Supreme Court Counsel J Sai Deepak speaks to JAN KI BAAT’s Debarghya Banerjee on his book ‘India that is Bharat: Colonialiality, Civilization, Constitution’
Read the Interview here :
Debarghya Banerjee: What was the main motivation for you to write this book? Did the Sabarimala issue bother you in a way? Does your active interest in Hindu culture & tradition play a part behind the writing of this book?
J. Sai Deepak: The primary motivation behind writing this book was to capture the common underlying issue that afflicts Bharatiya consciousness through a well-established school of thought, namely coloniality, and apply it specifically in the realm of the Constitution. Since the Constitution has become the battleground of ideologies, I wanted to examine the relationship between the Indic civilisation and the Constitution. My experience in matters such as the Sabarimala Temple entry case and the Sree Padmanabhaswamy Temple case certainly played a significant role in pushing me towards understanding the larger issue better. As a practising Hindu, I certainly wanted to understand if the Constitution is or has become at loggerheads with my civilisation and my way of life as is often made out to be.
Debarghya Banerjee: Why this title of the book?
J. Sai Deepak: Because India is Bharat and India has no identity outside of Bharat. Without Bharat, India would wither away and become a vassal of the West. And also, because the Constitution itself begins with India that is Bharat in Article 1, which is often forgotten by “Constitutional patriots”.
Debarghya Banerjee: You’ve earlier spoken quite a bit in your articles about what your thoughts are on the dharma or civilizational ethos that Bharat represents. Was the book similar in its prospects? Is it an inherent study on the colonial literature?
J. Sai Deepak: My earlier articles were meant to be exploratory in nature both in terms of the subject and the reception of the readers. Therefore, while there is a thematic overlap between the articles and the book, the book goes much deeper into the subject and presents both facts and opinions which were not remotely covered by the articles. More than colonialism, the book deals with “coloniality” which translates to the thought or the logic that drives colonialism.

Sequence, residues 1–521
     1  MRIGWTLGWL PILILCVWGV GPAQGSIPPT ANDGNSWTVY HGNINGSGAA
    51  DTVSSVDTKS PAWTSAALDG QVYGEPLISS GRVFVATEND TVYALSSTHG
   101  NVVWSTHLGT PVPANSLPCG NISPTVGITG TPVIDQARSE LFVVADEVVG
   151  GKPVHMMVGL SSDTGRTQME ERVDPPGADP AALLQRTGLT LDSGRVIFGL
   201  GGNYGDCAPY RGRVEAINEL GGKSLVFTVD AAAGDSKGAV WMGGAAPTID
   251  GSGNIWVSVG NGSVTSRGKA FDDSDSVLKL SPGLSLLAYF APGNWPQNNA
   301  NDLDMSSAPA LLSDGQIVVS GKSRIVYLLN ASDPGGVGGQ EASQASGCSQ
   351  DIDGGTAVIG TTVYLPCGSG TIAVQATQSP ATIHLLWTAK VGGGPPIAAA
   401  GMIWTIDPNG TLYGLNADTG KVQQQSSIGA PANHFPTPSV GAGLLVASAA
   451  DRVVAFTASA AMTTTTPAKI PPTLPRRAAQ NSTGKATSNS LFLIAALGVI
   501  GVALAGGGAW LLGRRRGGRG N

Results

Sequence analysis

Debarghya Banerjee: Do you think there’s a need to rewrite India’s history, obviously not the whole but a few parts of it? How much role do you think should Indian scholars have on it?
J. Sai Deepak: Actually I believe that Bharat Studies needs a complete overhaul and not a minor surgery, and this is not limited to history alone. It applies to history, political science, economics, nature, religion, language, law and more. Bharatiya scholars have a huge task cut out for themselves to decolonialize (which is different from decolonize) the way Bharatiyas see their own heritage.
Debarghya Banerjee: The second part of your book deals with the impact of European colonisation on India. If you’ve to mention one most important impact, what would that be?
J. Sai Deepak: Dharma, Prakriti/Nature and knowledge- all are connected and therefore have been individually and collectively affected.
Debarghya Banerjee: Will you call your book an amalgamation of study on history, political science, impact of postcolonial literature & an idea of ‘Shrestha Bharat’?
J. Sai Deepak: My book is an amalgamation of history, political science, civilisational studies and constitutionalism. The goal is Punarnirman, not Navnirman because the former believes that there is a lot of value in Bharat’s past whereas the latter believes that Bharat is better off by severing its ties with its past.
Debarghya Banerjee: Do you think there was a desperate attempt by few to admonish the reawakening of Hindu renaissance? Do you think there was a role played by political parties in it?
J. Sai Deepak: Dharmic intellectual resistance was alive until 1947 but was systematically marginalized, stereotyped and silenced by the Nehruvian Marxist clique whose contempt for all things Indic is best reflected in its own portrayal of Bharat in history textbooks.
Debarghya Banerjee: A lot has been said on the rise of the aggressive brand of Hindutva. Does your book settle the matter in a way?
J. Sai Deepak: My book attempts to make the case that what is crudely dubbed as Hindutva or Hindu Nationalism is nothing but a decolonial Dharmic civilisational reawakening which every self-respecting society has the right to, especially after being subjected to three waves of colonisation, Middle Eastern, European and Nehruvian Marxist.
Debarghya Banerjee: What would be the message to our readers as most of them are enamored by your plain speak?
J.Sai Deepak: Even if your preconceived notions of Bharat’s history compel you to reject the perspectives offered in my book, at least keep an open mind to the facts and ask yourself as to what conclusion should any reasonable mind arrive at when presented with such facts.
— Bloomsbury India (@BloomsburyIndia) October 14, 2021